The filibuster is also not in play because rules for consideration of a reconciliation bill are set by statute; the bill itself cannot be filibustered and there is no opportunity to filibuster a procedural motion. The rules stipulate that 20 hours of debate time must be equally divided: 10 hours for each the majority and the minority. Senators can file an unlimited number of amendments within the 20 hours, and it is expected that dozens of amendments will be filed by both parties. After the 20 hours of debate conclude, a simple majority vote in both Chambers sends the reconciliation bill to the president’s desk.

It is expected that Republicans will pass a reconciliation bill in both Chambers, as they successfully passed a reconciliation bill that repealed much of the ACA during President Obama’s administration. It was, in this instance, immediately vetoed. Republicans subsequently lacked the votes to override the presidential veto. However, the White House is now occupied by a president who is willing to sign such a bill.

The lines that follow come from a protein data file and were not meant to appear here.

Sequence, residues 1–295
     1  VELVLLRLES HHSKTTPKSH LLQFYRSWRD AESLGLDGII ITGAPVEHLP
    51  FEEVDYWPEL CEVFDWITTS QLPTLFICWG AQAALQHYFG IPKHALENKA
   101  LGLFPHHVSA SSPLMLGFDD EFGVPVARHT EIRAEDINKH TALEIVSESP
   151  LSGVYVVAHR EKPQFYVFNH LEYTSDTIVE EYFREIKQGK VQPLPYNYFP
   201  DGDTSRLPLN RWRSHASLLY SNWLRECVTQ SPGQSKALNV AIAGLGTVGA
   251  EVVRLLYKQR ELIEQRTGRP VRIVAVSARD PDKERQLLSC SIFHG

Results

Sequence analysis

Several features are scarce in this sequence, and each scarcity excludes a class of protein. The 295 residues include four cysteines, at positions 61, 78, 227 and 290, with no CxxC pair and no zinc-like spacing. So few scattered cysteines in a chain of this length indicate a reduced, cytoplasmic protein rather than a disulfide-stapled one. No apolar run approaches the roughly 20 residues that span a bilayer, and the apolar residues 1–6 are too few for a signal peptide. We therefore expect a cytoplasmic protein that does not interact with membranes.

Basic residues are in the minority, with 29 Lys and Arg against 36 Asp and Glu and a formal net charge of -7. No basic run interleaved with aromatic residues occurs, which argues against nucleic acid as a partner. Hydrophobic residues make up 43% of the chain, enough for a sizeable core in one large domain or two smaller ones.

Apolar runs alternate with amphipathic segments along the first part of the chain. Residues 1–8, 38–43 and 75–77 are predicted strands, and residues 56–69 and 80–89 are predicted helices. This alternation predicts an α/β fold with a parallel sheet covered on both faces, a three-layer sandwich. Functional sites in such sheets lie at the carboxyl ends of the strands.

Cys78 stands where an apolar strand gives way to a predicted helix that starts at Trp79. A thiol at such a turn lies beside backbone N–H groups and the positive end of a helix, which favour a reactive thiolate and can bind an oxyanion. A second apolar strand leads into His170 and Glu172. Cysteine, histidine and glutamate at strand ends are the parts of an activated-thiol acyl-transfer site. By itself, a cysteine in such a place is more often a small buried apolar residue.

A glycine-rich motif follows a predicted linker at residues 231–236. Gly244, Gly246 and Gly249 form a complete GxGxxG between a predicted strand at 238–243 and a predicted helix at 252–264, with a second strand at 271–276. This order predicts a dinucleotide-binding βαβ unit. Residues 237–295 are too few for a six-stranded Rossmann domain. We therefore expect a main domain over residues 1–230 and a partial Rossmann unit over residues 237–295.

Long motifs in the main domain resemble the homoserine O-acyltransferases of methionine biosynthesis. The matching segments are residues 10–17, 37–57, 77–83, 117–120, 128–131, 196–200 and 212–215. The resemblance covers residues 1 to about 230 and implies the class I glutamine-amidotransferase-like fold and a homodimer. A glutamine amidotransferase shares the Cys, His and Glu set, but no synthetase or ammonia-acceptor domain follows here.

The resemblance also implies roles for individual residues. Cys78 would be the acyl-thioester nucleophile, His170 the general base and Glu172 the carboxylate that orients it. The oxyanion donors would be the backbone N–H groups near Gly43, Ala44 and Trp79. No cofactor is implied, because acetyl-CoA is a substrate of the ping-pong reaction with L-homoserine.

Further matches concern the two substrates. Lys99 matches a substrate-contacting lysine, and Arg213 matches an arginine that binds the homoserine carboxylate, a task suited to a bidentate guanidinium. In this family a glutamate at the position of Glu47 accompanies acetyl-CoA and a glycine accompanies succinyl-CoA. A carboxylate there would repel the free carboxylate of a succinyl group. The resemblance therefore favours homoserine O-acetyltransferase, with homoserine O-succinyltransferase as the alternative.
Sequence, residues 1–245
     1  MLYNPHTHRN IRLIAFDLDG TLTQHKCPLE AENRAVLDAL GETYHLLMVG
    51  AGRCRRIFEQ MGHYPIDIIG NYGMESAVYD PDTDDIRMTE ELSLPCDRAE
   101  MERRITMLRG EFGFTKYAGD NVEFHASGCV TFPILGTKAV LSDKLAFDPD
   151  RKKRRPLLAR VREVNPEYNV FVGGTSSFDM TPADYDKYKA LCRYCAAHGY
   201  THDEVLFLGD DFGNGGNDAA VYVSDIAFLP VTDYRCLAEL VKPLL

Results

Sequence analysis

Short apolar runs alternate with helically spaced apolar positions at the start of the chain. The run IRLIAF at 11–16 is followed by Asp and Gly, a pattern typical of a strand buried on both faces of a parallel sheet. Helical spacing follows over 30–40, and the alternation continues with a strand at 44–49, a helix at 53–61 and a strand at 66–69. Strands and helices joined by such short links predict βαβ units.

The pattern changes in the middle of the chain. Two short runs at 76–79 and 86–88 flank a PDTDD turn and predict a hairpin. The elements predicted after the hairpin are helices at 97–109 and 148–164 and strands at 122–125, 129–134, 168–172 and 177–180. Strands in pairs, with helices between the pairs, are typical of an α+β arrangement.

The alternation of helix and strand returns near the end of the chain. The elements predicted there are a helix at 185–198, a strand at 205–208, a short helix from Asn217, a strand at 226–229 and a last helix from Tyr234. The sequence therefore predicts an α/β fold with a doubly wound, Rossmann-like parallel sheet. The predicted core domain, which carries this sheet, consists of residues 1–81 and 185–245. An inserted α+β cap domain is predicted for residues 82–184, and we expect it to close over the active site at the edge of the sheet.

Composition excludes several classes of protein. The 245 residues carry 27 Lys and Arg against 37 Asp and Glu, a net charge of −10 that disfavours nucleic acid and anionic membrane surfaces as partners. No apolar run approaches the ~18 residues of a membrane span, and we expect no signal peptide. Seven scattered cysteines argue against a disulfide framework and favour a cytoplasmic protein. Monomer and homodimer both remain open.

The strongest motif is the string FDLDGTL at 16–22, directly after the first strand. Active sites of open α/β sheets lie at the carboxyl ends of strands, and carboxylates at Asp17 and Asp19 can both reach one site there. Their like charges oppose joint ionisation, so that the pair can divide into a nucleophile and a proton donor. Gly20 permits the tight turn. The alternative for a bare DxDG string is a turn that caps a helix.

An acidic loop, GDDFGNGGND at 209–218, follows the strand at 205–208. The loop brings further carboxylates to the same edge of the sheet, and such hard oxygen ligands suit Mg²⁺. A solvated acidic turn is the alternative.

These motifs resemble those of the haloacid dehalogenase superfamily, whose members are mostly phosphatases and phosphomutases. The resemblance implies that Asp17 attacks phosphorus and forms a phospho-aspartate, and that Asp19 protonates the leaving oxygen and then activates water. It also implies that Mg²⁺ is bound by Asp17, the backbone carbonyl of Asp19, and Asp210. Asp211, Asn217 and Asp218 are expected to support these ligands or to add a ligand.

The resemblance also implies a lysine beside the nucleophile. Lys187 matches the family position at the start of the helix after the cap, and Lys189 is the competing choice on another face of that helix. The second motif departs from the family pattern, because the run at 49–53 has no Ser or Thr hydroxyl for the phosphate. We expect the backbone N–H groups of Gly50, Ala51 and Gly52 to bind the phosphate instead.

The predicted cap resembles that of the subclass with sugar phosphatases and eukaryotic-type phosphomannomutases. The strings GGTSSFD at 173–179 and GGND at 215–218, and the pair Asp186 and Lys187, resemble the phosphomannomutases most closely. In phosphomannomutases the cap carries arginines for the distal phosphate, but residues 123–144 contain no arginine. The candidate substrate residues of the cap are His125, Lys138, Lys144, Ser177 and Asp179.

Understanding the Byrd Rule Limitations

Finally, it is worth reiterating that there are strict limits on what can be included in a budget reconciliation bill mandated by the budget resolution. 

The Senate operates under what is called the Byrd Rule, a Senate rule that stipulates in order for a provision to be considered on a reconciliation bill, it must be germane to the purpose of the bill; in this case, the raising or spending of money. 

Any provision in a reconciliation bill is subject to a Byrd Rule challenge that goes to the Senate president and, by advice, the parliamentarian.  If the parliamentarian rules that the provision in question violates the Byrd Rule, such a finding can be challenged by any Senator. 60 votes are ultimately required to overturn the ruling. 

The Byrd Rule defines a provision to be extraneous, and therefore ineligible for reconciliation, in six cases:

  1. If it does not produce a change in outlays or revenues;
  2. If it produces an outlay increase or revenue decrease when the instructed committee is not in compliance with its instructions;
  3. If it is outside the jurisdiction of the committee that submitted the title or provision for inclusion in the reconciliation measure;